FIAF’s wide-ranging “Lhomme Behind the Camera” CinéSalon series continues February 9 with a double rare treat: a visit by the man himself, master cinematographer Pierre Lhomme. The eighty-five-year-old Lhomme, who has shot more than sixty films for such directors as Jean-Pierre Melville, Robert Bresson, William Klein, Marguerite Duras, James Ivory, Ismail Merchant, Benoît Jacquot, Patrice Chéreau, and Volker Schlöndorff, will be at Florence Gould Hall on February 9 for a Q&A following the second of two screenings of Alain Cavalier’s ravishing debut, the rarely shown and underappreciated 1962 neonoir Le combat dans l’île. The gripping French New Wave film, which was rediscovered in 2009, combines a crime thriller with a love triangle, shot in shadowy, smokey black-and-white by Lhomme. Jean-Louis Trintignant (The Conformist, A Man and a Woman) is stoic as Clément Lesser, a member of a small, right-wing radical group determined to change things in France by any means necessary. Romy Schneider (Purple Noon Mädchen in Uniform) is warm and charming as Anne Lesser, Clément’s wife, a party girl who is growing tired of her husband’s cold, controlling nature and his secret rendezvous with the group, which is led by mastermind Serge (Pierre Asso). After an assassination attempt goes awry, Clément and Anne hide out at the isolated home of Clément’s childhood friend, Paul (Jules et Jim’s Henri Serre), a left-wing idealist who prints political material. When Clément has to set out on his own, Anne and Paul become close, setting up both a philosophical and romantic battle between the two old friends.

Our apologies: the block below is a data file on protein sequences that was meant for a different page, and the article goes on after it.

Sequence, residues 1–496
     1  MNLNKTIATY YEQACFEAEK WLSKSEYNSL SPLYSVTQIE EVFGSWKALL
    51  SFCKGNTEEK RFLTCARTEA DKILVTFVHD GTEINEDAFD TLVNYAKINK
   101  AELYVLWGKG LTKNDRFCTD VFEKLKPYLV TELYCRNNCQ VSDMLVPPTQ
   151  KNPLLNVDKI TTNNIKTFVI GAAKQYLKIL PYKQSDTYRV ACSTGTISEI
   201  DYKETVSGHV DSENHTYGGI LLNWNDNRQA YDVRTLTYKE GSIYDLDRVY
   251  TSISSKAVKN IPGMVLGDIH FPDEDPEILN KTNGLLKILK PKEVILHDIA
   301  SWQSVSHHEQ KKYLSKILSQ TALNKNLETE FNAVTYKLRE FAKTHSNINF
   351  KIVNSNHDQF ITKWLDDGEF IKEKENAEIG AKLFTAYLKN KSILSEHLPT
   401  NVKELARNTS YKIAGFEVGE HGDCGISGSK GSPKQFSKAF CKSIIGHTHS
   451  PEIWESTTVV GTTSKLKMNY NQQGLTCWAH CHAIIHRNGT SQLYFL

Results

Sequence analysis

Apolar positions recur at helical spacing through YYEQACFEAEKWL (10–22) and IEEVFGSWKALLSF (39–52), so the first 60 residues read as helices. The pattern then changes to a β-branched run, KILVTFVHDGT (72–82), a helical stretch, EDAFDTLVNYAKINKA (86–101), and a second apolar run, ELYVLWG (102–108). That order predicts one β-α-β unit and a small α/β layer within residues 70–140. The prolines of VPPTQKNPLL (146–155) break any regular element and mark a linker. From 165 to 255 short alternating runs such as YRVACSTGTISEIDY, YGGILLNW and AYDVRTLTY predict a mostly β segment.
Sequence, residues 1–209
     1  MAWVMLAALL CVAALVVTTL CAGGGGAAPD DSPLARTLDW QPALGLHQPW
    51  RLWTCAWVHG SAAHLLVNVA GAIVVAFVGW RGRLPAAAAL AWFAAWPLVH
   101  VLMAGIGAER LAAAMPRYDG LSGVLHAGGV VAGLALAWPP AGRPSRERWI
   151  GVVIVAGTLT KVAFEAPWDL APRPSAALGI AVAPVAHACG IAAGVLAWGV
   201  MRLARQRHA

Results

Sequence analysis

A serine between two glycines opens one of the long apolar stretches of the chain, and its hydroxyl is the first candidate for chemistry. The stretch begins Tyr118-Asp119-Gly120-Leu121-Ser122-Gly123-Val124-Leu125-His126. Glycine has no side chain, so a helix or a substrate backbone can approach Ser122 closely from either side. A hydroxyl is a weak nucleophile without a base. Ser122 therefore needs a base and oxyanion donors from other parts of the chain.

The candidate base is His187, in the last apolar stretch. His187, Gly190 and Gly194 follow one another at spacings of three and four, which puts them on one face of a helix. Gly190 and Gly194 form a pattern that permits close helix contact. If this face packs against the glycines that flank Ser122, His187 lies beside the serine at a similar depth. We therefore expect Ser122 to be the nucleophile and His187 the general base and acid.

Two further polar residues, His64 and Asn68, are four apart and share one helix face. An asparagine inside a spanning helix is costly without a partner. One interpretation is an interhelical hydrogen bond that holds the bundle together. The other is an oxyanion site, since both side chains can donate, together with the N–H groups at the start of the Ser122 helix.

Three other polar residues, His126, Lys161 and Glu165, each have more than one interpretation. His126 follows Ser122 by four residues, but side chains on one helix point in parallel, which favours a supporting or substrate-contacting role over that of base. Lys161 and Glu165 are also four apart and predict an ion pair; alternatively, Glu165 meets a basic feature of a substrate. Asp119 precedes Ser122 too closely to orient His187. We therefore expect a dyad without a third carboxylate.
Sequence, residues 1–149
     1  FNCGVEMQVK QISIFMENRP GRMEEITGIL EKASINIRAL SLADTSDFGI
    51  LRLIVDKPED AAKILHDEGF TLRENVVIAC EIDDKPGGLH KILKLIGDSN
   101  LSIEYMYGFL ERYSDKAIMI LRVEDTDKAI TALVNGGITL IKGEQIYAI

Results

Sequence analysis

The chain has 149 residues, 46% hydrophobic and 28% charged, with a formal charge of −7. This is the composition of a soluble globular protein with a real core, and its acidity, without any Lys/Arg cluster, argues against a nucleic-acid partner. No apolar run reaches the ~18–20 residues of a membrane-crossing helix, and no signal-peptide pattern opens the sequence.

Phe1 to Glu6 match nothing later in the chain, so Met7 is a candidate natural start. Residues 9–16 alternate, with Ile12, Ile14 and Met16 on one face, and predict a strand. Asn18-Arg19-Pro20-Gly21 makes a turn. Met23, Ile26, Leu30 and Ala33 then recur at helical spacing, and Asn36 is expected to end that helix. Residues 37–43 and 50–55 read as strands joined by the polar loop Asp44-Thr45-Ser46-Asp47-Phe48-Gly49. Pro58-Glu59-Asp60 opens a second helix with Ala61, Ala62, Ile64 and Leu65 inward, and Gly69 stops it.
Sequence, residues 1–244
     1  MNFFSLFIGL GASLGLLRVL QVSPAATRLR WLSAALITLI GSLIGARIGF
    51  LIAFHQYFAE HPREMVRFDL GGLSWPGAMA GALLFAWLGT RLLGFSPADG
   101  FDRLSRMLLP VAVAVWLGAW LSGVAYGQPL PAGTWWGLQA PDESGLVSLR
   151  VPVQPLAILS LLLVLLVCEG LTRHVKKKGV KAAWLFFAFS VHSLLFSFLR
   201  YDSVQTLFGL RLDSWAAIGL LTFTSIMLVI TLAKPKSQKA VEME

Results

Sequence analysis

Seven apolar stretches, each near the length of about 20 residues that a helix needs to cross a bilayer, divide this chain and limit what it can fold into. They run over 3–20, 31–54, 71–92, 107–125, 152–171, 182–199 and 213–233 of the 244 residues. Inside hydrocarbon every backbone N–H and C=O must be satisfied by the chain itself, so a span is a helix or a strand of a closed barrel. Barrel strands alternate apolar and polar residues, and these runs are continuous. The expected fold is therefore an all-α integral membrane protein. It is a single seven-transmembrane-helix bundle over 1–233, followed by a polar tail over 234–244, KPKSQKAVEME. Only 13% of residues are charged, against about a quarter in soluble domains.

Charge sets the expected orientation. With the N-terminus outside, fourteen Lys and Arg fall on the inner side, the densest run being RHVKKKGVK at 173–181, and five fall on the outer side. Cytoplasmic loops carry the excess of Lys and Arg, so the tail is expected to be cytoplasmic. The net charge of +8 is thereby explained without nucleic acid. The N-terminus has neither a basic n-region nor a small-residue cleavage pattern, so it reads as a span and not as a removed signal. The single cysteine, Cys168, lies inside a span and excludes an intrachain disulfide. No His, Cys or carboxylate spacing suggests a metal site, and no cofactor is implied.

Cavalier (Thérèse, Un étrange voyage) and Lhomme (Army of Shadows, The Mother and the Whore) create a tense, claustrophobic atmosphere in Le combat dans l’île, with Lhomme’s slowly moving camera — a Cameflex that was so noisy that all of the dialogue had to be dubbed in later — closing in on his characters in small rooms, where they sometimes emerge from complete darkness. The story is a kind of parable about French politics in the 1960s, following the landslide victory of Charles de Gaulle, who would survive several assassination attempts during his ten years as president. Le combat dans l’île also boasts quite a pedigree, with Cavalier’s mentor, Louis Malle, serving as producer, dialogue written with Jean-Paul Rappenau, and an outstanding score by French composer Serge Nigg; Cavalier said the film’s father was Bresson and mother was Jean Renoir. The solid cast also includes Jacques Berlioz as Clément’s wealthy and powerful industrialist father, Maurice Garrel as left-wing politician Terrasse, and Diane Lepvrier as Cécile, Paul’s young housekeeper. The FIAF series continues February 16 with Chris Marker and Lhomme’s Le Joli Mai and concludes February 23 with Rappenau’s Cyrano de Bergerac, starring Gérard Depardieu.
Gōng xǐ fā cái! New York City is ready to celebrate the Year of the Monkey this month with special events all over town. The seventeenth New Year Firecracker Ceremony and Cultural Festival will explode in and around Sara D. Roosevelt Park on February 8 at 11:00 am, with live music and dance, speeches by politicians, drum groups, lion, dragon, and unicorn dancers making their way through local businesses, and more than half a million rounds of firecrackers warding off evil spirits and welcoming in a prosperous new year. Also on February 8, China Institute will host “A Taste of Chinese New Year” (free, 12 noon - 5:00 pm) featuring Mandarin classes, a China Ink workshop, and more; on February 13 (free, 12 noon - 5:00), China Institute invites everyone back for a family celebration including lion dances, kung fu demonstrations, arts & crafts, and dumplings.